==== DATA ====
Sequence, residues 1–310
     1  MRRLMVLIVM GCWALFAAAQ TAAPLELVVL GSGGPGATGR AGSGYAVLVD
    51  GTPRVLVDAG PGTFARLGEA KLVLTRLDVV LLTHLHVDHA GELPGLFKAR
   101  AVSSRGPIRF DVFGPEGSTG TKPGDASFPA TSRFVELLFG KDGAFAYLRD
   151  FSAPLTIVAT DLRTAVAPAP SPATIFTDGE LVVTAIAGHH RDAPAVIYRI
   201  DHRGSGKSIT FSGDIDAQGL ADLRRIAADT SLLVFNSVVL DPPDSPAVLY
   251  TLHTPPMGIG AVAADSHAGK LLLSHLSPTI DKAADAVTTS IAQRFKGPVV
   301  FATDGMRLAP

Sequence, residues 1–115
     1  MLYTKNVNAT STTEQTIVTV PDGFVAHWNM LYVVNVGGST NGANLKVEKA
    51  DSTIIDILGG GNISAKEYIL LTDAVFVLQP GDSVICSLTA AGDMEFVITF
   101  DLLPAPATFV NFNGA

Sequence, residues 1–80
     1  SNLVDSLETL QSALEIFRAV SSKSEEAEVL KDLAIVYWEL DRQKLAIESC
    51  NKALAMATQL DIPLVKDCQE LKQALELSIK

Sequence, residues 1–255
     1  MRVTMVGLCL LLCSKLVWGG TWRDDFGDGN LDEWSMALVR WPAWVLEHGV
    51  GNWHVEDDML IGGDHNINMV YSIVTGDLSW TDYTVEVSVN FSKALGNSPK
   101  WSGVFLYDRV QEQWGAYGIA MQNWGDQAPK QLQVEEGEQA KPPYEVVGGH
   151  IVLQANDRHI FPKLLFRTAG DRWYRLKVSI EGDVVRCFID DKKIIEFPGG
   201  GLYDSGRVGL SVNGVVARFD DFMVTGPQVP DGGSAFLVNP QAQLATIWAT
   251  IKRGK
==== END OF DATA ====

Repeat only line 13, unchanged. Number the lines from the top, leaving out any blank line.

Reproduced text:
Sequence, residues 1–80